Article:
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Frances PerkinsFrances Perkins
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Bryn Mawr. We went to the reception in Independence Hall, which the Mayor, who was a Republican by the way, gave. The Chamber of Commerce and city officials were always glad to have a convention in the city. But there was no contest, no fight, nobody was mad at anybody. There was none of that usual excitement of a convention. The Democrats were praising themselves.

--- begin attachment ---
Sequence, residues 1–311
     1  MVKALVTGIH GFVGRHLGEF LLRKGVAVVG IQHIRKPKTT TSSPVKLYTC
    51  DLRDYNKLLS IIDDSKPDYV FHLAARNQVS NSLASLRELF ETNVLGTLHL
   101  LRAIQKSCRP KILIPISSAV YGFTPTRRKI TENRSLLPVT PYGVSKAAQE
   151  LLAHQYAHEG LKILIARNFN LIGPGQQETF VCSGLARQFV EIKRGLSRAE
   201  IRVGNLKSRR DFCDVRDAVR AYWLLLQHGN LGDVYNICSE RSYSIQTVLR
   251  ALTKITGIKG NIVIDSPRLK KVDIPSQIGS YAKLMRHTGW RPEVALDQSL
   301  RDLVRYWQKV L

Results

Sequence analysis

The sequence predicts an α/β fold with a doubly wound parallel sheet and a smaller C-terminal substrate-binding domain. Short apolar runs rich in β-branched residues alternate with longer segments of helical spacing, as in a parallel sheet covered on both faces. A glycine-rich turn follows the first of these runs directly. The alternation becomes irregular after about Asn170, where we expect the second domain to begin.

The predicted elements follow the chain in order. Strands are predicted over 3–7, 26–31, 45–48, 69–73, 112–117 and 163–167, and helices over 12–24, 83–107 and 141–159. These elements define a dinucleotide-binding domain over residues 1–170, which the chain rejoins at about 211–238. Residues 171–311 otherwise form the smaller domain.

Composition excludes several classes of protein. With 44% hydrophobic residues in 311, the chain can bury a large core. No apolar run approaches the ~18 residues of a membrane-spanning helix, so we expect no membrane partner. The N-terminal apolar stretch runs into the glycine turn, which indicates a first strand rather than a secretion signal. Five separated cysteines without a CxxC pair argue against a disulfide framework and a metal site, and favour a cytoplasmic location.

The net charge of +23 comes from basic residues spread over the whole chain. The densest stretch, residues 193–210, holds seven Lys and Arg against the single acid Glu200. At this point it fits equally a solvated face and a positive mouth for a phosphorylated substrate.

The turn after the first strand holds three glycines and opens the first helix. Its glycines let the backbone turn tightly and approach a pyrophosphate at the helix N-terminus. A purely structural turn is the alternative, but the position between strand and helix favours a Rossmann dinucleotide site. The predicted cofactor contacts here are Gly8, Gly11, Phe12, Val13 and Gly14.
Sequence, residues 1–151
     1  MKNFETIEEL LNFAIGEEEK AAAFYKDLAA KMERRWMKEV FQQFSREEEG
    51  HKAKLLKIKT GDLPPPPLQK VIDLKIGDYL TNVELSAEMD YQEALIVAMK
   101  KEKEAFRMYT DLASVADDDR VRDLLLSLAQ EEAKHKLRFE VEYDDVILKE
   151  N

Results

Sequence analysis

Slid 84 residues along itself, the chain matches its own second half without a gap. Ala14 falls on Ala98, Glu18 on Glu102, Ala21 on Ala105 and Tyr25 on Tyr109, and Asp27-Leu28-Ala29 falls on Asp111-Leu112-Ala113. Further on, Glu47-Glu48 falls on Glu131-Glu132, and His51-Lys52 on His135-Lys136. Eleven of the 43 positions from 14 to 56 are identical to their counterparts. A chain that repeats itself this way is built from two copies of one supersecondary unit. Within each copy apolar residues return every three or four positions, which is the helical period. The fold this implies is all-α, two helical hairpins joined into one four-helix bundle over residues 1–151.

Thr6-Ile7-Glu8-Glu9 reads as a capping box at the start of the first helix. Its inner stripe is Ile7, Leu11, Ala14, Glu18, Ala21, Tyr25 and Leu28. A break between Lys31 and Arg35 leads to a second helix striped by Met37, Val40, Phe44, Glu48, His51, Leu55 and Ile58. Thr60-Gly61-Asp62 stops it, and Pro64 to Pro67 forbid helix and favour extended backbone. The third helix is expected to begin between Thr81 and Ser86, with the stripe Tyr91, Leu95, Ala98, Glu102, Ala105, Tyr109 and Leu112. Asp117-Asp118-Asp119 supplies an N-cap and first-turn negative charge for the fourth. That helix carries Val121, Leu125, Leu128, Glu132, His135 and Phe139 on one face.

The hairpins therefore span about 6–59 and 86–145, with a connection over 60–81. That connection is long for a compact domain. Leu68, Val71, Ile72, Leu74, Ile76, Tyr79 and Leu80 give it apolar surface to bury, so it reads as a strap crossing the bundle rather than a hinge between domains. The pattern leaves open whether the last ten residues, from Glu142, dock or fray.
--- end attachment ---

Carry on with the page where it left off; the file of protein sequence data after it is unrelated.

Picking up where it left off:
The only thing that was plainly worrying was the fear that we would adjourn too soon, because the Chamber of Commerce had been promised that we would stay in session for three days. There wasn't anything to stay in session for, but the Chamber of Commerce, who had laid out a lot of money, as had the merchants, to entertain the convention, wanted three full days to collect on. So all kinds of things were done to spread it out. I remember that plainly. We got up little women's meetings for something to do in the afternoon. It was quite a problem, because you couldn't possibly have the nomination and close up until the three days had finished. That was the principal thing I remember, and people grumbling about their hotel accommodations. Some people had their accommodations way down on Chestnut Street, down almost near Independence Hall. There was a new hotel there, but it wasn't swank enough. The Belle vue-Stratford was still the center of

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